By Joe Perez
Today on the Daily Dish, Andrew Sullivan asks his readers a fair question, crudely stated:
“If there is an argument for why the Quran is so good, please bring it forward. I’ve read the Quran several times and it’s not that good. In fact, it’s conspicuously bad as a moral map, and a spiritual map. You can wander blindfolded into a Barnes & Noble, and the first book you pick off the shelf will have more wisdom than the Quran. The Quran is uniquely barren of wisdom relevant to the 21st century. It’s got a few good lines about patience and generosity, and the rest is just vilification of the infidel,” – Sam Harris. Can any readers counter?
To which I responded today:
The Qur’an is a classic of world spiritual literature far exceeding the disposable drivel that you will pick off the shelf in the vast majority of the books at a Barnes & Noble. I would have thought you know this and could have written a defense yourself. In any event, as non-Muslims, there are many people better qualified than you or I to give a defense of the Qur’an’s merits as a guide to Islamic life and culture.
My own defense as an enthusiast of a world-centric spirituality enthusiastically inclusive of Islam would start with the observation that a classic is to be judged not by reference to its compatibility with the New Atheist mindset of a small minority of people in early 21st century America (i.e., Sam Harris and his readers), but by its enduring influence over well more than a millennium. The claim that the Qur’an is “so good” begins by noting that many millions of people have for many centuries thought it so good, and that in a world of constant cultural evolution it is hermeneutically garbage to assess their aesthetic and spiritual opinions crudely by certain contemporary standards.
You can’t throw the Bible out as barren of wisdom because it sanctions social practices we find offensive today, and you can’t judge spiritual depth simply by how frequently a text enjoins virtues such as patience and generosity. You need to judge the Qur’an more holistically and as a mystical vision, not a self-help tome spouting chicken soup platitudes nearly everyone today will agree with.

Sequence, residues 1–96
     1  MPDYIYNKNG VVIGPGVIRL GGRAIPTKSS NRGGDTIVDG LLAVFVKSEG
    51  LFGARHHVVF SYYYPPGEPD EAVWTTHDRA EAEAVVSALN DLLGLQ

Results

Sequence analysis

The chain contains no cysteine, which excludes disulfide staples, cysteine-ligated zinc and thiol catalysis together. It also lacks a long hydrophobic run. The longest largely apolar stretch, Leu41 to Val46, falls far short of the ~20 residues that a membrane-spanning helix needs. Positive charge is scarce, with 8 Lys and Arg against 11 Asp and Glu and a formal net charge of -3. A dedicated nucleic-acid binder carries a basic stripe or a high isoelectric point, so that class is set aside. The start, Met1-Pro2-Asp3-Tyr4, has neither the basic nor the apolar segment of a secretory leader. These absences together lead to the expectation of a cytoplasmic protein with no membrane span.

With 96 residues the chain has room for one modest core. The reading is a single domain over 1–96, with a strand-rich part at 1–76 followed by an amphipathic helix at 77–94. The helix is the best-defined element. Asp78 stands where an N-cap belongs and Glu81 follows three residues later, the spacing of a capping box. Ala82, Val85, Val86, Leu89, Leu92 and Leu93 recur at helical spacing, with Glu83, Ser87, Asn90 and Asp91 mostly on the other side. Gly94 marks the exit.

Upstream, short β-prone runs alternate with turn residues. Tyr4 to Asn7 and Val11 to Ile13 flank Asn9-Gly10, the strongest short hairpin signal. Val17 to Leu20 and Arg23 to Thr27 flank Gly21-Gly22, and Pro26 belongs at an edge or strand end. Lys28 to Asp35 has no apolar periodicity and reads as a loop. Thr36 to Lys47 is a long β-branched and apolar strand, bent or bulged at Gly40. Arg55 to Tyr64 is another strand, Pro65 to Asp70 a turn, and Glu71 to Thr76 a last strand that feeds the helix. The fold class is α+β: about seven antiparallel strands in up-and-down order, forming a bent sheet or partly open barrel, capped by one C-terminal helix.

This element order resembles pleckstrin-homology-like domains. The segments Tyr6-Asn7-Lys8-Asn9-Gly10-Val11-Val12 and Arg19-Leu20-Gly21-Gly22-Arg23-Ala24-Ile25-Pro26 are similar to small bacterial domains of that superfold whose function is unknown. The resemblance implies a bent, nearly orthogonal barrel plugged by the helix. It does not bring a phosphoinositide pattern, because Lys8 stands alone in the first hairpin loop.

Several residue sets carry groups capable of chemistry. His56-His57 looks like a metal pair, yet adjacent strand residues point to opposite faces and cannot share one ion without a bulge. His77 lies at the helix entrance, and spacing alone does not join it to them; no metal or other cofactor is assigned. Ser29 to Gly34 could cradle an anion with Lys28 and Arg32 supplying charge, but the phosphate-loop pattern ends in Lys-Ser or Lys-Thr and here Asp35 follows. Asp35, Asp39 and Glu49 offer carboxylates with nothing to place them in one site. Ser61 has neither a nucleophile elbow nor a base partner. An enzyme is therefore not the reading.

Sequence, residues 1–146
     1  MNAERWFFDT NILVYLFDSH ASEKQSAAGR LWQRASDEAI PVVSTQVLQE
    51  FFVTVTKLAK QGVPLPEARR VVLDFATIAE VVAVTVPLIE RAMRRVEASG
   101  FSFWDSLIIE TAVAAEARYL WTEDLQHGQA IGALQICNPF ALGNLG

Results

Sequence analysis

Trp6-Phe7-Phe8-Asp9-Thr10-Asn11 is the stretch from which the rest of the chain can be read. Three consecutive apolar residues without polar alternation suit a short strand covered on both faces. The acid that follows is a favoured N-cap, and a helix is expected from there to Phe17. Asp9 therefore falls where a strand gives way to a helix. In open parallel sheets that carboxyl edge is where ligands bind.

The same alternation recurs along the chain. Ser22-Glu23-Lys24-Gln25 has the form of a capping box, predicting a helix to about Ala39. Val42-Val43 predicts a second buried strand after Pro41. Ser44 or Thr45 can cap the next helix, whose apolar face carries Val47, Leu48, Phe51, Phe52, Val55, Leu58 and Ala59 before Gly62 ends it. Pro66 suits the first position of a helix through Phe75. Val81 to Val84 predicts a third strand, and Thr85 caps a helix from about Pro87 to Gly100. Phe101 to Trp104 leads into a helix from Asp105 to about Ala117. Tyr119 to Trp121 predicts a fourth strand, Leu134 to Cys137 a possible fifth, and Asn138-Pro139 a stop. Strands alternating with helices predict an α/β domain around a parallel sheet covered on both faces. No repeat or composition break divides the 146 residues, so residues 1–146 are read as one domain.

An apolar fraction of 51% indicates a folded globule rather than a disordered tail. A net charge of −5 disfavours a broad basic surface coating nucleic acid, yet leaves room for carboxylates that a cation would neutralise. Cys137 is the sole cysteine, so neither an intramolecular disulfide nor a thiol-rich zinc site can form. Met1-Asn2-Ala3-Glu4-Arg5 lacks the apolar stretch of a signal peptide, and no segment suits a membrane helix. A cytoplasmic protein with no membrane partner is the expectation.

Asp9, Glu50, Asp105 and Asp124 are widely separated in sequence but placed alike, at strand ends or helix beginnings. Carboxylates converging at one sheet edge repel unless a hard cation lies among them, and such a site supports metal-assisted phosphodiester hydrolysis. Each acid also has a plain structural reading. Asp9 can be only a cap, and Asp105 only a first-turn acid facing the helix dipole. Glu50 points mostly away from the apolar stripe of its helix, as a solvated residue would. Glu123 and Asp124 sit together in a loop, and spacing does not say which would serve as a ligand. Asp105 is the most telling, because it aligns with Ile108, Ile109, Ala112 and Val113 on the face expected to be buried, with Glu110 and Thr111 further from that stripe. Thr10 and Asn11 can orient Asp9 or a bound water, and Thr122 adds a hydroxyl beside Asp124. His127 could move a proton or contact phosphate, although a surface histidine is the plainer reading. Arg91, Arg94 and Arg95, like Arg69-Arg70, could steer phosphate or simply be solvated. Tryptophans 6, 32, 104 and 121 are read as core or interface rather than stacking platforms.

At the same time, I want to go beyond saying that the Qur’an is important historically and also claim that the Qur’an is worthy of reading as a spiritual guide for people today … if one does the difficult work of attempting to enter into the prophetic and mystical mindset of Muhammad whose visions and divine communications form the book’s essence. I take into account — as many non-fundamentalists do — Muhammad’s human fallibility and historic/cultural contexts (which leads to many statements that our own cultural worldspace rightfully holds as objectionable), and see it as an ingenious expression of a vision of a completely Integral Universe, one in which there is no secular (i.e., godless) realm, but every facet of existence is harmoniously in sync with every other facet, and the core of that essence is Love. This is a deep and timeless truth that is lost on Sam Harris.
It is also important to note that for Muhammad, every syllable, sound symbol, number, and even the shape of every Arabic letter is a meaningful representation of the Divine, in an aesthetically orderly expression … and the Qur’an’s esoteric nature is one that has inspired Sufi mystics such as Rumi and Hafiz to deep realizations of inner divinity. The Qur’an continues to inspire Muslims and non-Muslims today who are interpreting the scripture not literally (fundamentalists) or merely metaphorically and poetically (progressive religionists) but as a sacred expression of evolving cultural wisdom and mystical realization (integral thinkers) to which everyone in the world is called.